“[Incumbent Republican] Greg Brower versus [former Democratic Assemblywoman] Sheila Leslie state senate campaign is supposed to be the lollapalooza of senate campaigns,” Hagar said. “But when I checked the records at all of these TV stations, I did not even find a Brower file or a Leslie file anywhere. That was very surprising to me.”

One final nugget from Hagar’s piece: candidates want their faces seen in proximity to Pat Sajak and Alex Trebek, both of whose game shows air on KOLO (which has seen the most political ad dollars to date). Reported Hagar:

[KOLO’s] Eldredge credits the popular TV shows Jeopardy! and Wheel of Fortune for Channel 8’s political fortunes.

“I think [political campaigns] buy adults, 35-plus,” Eldredge said, referring to the demographic of adults, 35 years old and older. “We tend to skew a little bit older. Some of the [programs] we have are Jeopardy! and Wheel of Fortune and those do a huge number in that demographic. So you notice that a lot of PAC groups and political groups love to be on those shows because those people are more apt to vote.”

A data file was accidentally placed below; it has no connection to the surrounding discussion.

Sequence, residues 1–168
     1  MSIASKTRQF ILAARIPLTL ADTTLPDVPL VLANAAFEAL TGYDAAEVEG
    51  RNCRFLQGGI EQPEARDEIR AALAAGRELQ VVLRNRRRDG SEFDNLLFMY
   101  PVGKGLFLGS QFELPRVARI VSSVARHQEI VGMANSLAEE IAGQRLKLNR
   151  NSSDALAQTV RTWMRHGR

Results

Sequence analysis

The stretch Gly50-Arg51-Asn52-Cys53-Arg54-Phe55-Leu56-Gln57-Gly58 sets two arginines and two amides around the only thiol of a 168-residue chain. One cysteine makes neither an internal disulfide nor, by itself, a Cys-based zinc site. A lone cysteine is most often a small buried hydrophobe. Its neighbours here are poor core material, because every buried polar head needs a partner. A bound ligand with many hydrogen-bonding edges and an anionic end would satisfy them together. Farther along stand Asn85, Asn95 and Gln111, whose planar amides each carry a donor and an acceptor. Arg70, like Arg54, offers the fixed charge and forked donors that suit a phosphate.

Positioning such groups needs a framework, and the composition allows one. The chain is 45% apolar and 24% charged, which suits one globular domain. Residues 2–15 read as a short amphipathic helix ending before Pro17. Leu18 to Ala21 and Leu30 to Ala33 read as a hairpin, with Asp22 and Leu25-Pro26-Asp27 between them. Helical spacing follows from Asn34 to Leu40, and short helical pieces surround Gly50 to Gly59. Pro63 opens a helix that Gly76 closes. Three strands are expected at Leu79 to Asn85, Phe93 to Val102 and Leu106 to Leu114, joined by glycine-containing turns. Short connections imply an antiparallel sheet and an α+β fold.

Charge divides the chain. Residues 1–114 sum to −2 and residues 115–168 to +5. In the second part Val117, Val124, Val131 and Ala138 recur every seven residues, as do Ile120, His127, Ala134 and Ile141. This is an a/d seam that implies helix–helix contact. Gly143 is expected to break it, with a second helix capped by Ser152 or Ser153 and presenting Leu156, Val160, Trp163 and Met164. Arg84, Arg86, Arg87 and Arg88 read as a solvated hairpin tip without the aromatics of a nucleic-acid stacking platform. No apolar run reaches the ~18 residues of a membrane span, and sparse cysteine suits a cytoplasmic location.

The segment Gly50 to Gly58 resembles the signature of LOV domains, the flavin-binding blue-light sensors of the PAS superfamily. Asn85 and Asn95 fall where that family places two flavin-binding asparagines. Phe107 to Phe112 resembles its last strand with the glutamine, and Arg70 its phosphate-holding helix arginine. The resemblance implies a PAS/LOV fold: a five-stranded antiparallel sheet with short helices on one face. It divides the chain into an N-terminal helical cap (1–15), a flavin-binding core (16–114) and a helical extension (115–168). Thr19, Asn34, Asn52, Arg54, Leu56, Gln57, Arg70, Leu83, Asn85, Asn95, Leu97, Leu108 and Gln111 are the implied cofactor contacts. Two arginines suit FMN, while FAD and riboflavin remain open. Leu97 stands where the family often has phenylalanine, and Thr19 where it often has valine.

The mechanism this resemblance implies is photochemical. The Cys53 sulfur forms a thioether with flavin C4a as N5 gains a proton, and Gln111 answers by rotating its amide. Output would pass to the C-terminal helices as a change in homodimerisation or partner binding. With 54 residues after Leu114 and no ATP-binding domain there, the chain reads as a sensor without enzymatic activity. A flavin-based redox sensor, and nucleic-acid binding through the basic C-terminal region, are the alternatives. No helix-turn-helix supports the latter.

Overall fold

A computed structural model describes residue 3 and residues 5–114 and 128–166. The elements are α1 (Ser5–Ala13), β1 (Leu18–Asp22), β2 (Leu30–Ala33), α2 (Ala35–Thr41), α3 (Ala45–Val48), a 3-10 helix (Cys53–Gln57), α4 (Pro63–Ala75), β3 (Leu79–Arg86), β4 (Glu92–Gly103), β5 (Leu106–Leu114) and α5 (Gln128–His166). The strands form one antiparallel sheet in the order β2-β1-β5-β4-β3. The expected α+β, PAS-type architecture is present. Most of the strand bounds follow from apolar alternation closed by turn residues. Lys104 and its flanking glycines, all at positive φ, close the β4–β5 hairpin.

The data Hagar hunted down for this piece may soon be a bit easier to access. In April, the Federal Communications Commission ruled that many top-market TV stations will soon have to make this information available online. On July 17, the FCC will host a “public demonstration of the database it has developed to host the online public inspection file for television broadcast stations.”
Hagar supports this change, at least in principal.

“How is the FCC going to police this?” he asked me in an email. “Is the FCC going to do the shoe-leather work of checking each station’s files to make sure their files correspond with what is online?”

Jay Jones is a Las Vegas-based freelance writer who has covered political campaigns for various media outlets in the U.S. and for the BBC in the U.K.